Open Access

Noninvasive positive pressure ventilation as treatment for acute respiratory failure in critically ill patients

  • Massimo Antonelli1 and
  • Giorgio Conti1
Critical Care20004:15

DOI: 10.1186/cc645

Published: 24 January 2000

Abstract

Our current state of knowledge on noninvasive positive pressure ventilation (NPPV) and technical aspects are discussed in the present review. In patients with chronic obstructive pulmonary disease, NPPV can be considered a valid therapeutic option to prevent endotracheal intubation. Evidence suggests that, before eventual endotracheal intubation, NPPV should be considered as first-line intervention in the early phases of acute exacerbation of chronic obstructive pulmonary disease. Small randomized and non-randomized studies on the application of NPPV in patients with acute hypoxaemic respiratory failure showed promising results, with reduction in complications such as sinusitis and ventilator-associated pneumonia, and in the duration of intensive care unit stay. The conventional use of NPPV in hypoxaemic acute respiratory failure still remains controversial, however. Large randomized studies are still needed before extensive clinical application in this condition.

Keywords

acute respiratory failure bronchoscopy chronic obstructive pulmonary disease facial mask hypercapnia hypoxaemia noninvasive ventilation nasal mask

Introduction

Mechanical ventilation through an endotracheal tube is a well established, accepted and life-saving procedure for patients with acute respiratory failure (ARF). In mechanically ventilated patients, however, endotracheal intubation is the single most important predisposing factor for developing nosocomial bacterial pneumonia and infections [1,2] and increases the risk for sinusitis. Placement and maintenance of endotracheal tube increases patient's discomfort and stress, and often necessitates administration of sedative agents. Endotracheal intubation may also cause injuries and ulcerations of the tracheal mucosa that is in contact with tube's cuff, inducing inflammation, oedema and submucosal haemorrhage. These conditions represent the pathological basis of other complications, such as airway stenosis [3,4].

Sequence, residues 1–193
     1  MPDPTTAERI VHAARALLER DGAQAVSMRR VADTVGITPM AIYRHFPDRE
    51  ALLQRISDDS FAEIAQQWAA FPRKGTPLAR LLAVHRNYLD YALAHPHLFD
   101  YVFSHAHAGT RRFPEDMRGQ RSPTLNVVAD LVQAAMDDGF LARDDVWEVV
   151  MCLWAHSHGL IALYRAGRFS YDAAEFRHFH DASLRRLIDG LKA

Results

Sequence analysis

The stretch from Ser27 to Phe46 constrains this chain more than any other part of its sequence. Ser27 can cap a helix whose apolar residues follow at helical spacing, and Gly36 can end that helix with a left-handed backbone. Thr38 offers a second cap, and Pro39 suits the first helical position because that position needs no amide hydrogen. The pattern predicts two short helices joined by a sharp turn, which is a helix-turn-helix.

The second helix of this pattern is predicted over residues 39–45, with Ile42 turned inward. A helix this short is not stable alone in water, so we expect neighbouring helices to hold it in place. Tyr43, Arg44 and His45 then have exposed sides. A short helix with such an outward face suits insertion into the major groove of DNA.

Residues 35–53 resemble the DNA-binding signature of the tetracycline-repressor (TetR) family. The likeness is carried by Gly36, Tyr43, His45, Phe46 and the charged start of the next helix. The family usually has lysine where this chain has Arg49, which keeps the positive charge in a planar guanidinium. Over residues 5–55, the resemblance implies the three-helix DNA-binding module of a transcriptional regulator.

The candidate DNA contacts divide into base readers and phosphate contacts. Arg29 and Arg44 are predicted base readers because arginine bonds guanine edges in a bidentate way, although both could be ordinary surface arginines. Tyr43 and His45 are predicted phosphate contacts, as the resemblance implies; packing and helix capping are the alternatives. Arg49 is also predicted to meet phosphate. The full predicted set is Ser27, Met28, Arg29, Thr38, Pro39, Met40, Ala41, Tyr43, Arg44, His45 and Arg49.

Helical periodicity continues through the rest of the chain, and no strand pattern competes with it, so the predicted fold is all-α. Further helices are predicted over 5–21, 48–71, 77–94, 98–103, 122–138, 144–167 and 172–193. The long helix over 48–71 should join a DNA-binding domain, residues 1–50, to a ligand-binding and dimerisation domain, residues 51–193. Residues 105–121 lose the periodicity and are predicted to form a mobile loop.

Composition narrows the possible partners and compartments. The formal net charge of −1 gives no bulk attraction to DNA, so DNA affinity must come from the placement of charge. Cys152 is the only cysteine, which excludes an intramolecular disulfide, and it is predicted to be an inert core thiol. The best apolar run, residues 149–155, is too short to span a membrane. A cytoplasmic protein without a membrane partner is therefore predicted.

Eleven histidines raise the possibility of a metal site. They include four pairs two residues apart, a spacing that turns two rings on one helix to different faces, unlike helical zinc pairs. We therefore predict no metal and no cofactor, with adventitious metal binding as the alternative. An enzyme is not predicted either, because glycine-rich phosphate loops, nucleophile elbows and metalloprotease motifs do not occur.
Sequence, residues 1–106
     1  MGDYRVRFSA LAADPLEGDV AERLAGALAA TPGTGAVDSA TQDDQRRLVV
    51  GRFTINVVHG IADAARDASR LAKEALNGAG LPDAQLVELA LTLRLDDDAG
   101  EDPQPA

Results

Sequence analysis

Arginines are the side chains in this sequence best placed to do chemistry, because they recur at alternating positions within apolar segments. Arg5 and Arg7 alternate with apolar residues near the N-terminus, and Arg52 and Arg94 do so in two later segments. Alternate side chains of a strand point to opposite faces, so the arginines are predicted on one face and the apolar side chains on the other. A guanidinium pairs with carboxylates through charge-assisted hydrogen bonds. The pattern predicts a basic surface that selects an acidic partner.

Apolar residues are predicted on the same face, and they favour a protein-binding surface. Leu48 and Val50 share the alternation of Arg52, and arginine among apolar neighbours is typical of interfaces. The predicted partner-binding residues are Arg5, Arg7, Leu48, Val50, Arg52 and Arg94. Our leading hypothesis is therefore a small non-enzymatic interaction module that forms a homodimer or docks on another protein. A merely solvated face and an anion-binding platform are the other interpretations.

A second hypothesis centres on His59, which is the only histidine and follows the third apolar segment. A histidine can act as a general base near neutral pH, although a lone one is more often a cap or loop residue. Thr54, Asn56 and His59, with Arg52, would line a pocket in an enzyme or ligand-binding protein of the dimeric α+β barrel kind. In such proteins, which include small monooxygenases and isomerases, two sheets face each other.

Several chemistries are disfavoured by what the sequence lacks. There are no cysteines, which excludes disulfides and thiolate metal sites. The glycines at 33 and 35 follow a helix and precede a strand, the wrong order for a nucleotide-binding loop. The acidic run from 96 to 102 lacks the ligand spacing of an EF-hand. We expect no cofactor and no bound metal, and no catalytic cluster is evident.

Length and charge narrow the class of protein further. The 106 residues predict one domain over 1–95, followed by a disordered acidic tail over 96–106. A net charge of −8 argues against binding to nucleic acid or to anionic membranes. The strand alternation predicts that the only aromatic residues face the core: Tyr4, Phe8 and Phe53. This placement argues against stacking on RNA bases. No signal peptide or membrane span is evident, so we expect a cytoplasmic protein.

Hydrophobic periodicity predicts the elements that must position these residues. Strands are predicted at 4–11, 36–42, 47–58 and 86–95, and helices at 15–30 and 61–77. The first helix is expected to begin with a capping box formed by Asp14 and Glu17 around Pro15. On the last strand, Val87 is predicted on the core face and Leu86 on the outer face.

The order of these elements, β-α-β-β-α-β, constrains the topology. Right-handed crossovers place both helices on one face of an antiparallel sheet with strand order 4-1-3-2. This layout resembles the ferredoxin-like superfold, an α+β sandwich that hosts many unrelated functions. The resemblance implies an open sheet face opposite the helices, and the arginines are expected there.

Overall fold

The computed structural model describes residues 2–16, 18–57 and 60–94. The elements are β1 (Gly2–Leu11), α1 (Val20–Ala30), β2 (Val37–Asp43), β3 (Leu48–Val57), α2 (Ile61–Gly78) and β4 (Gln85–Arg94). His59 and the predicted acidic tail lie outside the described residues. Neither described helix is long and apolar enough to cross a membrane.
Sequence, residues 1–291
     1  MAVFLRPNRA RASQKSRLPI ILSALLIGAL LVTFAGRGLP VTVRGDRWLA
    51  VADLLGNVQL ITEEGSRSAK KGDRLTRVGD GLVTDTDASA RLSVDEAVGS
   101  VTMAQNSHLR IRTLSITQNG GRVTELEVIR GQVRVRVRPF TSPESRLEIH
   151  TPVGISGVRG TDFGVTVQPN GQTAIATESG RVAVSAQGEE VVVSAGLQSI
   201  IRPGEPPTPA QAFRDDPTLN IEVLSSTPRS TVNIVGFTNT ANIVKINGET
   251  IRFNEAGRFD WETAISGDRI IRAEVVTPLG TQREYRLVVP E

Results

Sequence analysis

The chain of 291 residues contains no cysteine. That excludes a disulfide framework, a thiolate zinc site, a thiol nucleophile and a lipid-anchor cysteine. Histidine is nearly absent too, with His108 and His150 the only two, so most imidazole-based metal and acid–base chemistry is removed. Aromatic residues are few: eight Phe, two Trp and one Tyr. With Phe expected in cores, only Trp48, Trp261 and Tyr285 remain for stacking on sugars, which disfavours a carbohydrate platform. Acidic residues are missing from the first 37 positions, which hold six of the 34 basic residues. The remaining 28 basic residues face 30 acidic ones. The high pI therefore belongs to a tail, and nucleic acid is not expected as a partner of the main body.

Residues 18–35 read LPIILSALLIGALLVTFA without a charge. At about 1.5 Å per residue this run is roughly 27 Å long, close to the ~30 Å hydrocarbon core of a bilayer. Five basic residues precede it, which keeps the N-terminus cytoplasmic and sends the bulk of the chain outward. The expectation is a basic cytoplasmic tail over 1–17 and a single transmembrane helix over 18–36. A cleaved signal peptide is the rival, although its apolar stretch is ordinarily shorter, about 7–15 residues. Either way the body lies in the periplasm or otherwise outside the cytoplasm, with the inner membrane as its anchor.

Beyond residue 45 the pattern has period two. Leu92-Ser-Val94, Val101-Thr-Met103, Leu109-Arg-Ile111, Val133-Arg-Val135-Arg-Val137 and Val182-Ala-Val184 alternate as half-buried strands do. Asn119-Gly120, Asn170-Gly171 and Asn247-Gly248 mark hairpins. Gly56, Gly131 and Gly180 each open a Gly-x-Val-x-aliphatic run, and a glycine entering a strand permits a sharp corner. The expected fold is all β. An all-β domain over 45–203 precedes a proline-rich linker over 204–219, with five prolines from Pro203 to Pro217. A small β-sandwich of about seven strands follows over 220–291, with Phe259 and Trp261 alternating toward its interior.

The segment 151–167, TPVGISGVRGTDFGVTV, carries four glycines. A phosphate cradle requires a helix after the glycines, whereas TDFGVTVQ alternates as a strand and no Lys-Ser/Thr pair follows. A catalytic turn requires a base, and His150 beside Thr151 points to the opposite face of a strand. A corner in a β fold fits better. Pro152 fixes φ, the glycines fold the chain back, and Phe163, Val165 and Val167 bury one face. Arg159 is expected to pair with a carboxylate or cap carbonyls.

Noninvasive positive pressure ventilation (NPPV) is the delivery of assisted mechanical ventilation without the need for an invasive artificial airway [1]. It is a safe and effective means of improving gas exchange in patients with many forms of ARF [5]. For example, in patients with acute exacerbation of chronic obstructive pulmonary disease (COPD) and hypercapnic respiratory failure, adding noninvasive ventilation to standard therapy decreased the need for endotracheal intubation [6,7,8,9,10,11,12,13], and could reduced mortality [12]. Similarly, noninvasive continuous positive airway pressure was effective in patients with cardiogenic pulmonary oedema, particularly in those with hypercapnia [14,15,16]. This therapy also decreased the rates of intubation and complications [5] and improved survival in patients with various forms of acute hypoxaemic respiratory failure (pneumonia, congestive hearth failure, chest wall impairment, etc) [17,18].

In patients with acute hypoxaemic respiratory failure, NPPV is as effective as conventional ventilation, delivered through an endotracheal tube, in improving gas exchange [5]. The technique of NPPV is flexible and can be applied both continuously and intermittently, allows speech and swallowing, and is accepted well by patients.

Materials and techniques